(Sound of brakes screeching) Taylor is a major risk this high. Reports on his knee vary from “He’ll be fine� to “He’ll never walk again.� Okay, we made that up. But Taylor is not only an injury risk. He’s unlikely to play much on third downs because of his hands. He’s unlikely to get the ball much in the red zone because of struggles last year. With so many young running backs still on the board, this pick could be a season-killer.

30. Team Six – Carnell Williams, Bucs RB

Nice. The availability of rookie starting running backs in the middle of the third round will make drafts a lot more fun this year. Cadillac is our top rookie considering the recent developments with Ricky Williams in Miami.

31. Team Seven – Joe Horn, Saints WR

Like Torry Holt, fantasy owners draft Horn early because of his consistency at an inconsistent position. Hollywood has finished among the top ten fantasy scorers at his position in four of the last five years.

32. Team Eight – Tony Gonzalez, Chiefs TE

This is right where we’d expect Gonzalez to be selected in most drafts this year. We don’t see the value, however, because of the abundance of quality options that will be available at the position three rounds later like Jeremy Shockey and Alge Crumpler. We prefer spending the first 4-5 rounds loading up on running backs and wideouts.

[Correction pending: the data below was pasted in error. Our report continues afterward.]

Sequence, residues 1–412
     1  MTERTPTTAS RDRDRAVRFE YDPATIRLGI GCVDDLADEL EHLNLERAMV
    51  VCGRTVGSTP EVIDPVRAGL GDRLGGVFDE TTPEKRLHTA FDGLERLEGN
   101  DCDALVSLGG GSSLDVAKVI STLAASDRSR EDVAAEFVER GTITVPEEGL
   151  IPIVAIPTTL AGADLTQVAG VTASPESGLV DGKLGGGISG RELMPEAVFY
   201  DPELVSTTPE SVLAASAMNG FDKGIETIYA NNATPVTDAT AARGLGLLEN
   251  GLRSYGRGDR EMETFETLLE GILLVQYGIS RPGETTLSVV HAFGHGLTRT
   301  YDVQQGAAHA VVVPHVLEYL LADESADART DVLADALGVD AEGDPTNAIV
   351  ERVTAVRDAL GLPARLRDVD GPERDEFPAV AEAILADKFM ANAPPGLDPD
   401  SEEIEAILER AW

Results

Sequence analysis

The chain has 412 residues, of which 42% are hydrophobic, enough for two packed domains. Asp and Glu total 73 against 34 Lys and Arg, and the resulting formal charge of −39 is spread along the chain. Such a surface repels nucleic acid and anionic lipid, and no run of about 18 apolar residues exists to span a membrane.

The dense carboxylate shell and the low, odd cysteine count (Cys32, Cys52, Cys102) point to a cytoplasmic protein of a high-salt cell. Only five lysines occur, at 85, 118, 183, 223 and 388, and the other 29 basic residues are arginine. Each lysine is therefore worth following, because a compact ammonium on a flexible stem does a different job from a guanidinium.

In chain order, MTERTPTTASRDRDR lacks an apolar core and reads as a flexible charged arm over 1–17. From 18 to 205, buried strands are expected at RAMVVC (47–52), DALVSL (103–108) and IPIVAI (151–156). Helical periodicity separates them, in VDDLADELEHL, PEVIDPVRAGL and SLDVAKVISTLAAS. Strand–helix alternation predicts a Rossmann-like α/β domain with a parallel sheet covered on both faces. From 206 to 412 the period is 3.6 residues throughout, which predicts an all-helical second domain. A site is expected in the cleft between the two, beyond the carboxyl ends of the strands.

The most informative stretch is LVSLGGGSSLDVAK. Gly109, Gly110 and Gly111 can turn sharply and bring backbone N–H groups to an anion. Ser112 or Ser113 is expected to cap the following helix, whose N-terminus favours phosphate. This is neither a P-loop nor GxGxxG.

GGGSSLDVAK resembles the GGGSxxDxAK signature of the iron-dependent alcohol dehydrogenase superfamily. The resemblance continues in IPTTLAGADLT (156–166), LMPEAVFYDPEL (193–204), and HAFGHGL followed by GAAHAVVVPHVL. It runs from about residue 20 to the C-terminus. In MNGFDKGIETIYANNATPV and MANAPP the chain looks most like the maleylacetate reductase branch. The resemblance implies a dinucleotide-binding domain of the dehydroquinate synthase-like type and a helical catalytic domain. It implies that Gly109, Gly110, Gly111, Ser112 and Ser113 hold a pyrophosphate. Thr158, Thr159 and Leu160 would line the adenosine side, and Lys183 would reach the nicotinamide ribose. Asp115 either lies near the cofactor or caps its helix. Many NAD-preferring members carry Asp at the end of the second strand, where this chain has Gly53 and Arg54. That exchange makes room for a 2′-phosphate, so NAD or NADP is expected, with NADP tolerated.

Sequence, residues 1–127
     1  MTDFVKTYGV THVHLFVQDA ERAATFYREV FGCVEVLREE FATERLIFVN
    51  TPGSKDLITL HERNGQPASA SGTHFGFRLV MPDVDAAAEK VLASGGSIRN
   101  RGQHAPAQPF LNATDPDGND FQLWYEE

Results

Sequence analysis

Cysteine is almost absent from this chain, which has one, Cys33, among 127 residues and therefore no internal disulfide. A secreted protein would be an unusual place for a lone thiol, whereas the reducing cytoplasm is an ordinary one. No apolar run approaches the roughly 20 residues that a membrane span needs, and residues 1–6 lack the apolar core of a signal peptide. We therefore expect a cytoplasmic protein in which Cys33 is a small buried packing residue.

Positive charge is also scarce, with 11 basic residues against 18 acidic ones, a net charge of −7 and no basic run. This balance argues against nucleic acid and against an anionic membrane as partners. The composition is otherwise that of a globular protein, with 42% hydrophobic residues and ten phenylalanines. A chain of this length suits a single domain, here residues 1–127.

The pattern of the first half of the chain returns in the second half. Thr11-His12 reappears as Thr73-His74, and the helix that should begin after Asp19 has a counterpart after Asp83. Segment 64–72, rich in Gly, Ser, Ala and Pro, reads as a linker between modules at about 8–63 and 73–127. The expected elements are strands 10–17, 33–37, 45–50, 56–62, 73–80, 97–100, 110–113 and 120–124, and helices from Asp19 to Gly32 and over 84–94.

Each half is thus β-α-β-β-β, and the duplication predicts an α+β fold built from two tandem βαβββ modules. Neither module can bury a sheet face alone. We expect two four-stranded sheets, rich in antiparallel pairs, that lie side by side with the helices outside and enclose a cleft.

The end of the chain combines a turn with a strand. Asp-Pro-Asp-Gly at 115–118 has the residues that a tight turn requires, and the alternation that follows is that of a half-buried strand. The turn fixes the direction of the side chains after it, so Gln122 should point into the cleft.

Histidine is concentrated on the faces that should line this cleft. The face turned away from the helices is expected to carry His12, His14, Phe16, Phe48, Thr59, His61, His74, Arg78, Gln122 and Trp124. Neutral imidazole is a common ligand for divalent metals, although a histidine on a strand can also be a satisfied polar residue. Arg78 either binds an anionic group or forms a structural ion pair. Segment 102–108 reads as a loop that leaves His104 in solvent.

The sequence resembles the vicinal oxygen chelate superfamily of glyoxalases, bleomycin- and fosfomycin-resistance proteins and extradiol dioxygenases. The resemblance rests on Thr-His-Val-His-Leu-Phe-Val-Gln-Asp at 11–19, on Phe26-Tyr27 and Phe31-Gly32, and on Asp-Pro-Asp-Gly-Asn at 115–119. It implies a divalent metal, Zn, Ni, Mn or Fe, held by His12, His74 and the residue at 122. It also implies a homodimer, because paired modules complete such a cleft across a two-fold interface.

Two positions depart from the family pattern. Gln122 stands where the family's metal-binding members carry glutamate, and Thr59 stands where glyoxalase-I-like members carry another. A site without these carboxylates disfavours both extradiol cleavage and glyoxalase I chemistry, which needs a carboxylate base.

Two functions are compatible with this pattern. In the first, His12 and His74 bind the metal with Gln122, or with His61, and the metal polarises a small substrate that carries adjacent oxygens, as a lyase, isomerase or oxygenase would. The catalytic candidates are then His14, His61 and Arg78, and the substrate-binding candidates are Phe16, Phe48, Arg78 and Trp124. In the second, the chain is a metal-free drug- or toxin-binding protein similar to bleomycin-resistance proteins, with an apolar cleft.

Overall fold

33. Team Nine – Chris Brown, Titans RB

Taking Brown this late is a fine risk/reward proposition, assuming Tennessee doesn’t trade for Travis Henry. He’s a top ten talent when healthy. But with Brown needing two months to recover from his latest injury, a broken hand, we suspect Henry will be a Titan this season.

34. Team Ten – Steve Smith, Panthers WR

Wide receiver is the most subjective position in fantasy drafts. While we’d rather take Andre Johnson or a rookie running back here, we appreciate teams that think against the grain. Our only quibble is that Smith would almost certainly be available five picks later when their next pick comes up.

35. Team Eleven – Andre Johnson, Texans WR

Great value here. Johnson is the prototype – everything an NFL coach wants in a 21st century wide receiver. He doesn’t need to make a huge third-year leap to be worth drafting here, but it’s very possible. Don’t expect AJ to be the ninth wideout drafted in most leagues.

36. Team Twelve – Antonio Gates, Chargers TE

Gates is likely to be drafted in the late third or early fourth rounds. Like Gonzalez, we just don’t see the value of drafting a tight end so early this season. While an elite talent, it’s too much to expect another 14-score season.

Best Value: Andre Johnson

Shadiest Pick: Fred Taylor

Trend: Only four running backs drafted. Still plenty of starting running backs available.

We’ll be back next week to wrap up our look at this Mock Draft. We will take a look at the next few rounds and some interesting trends later in the Draft. Let us know who you think was drafted too high, too low, or overlooked in the first three rounds of this Draft by emailing Gregg Rosenthal.

All times are GMT -5. The time now is 02:39 PM.

Copyright 1997 - 2018 -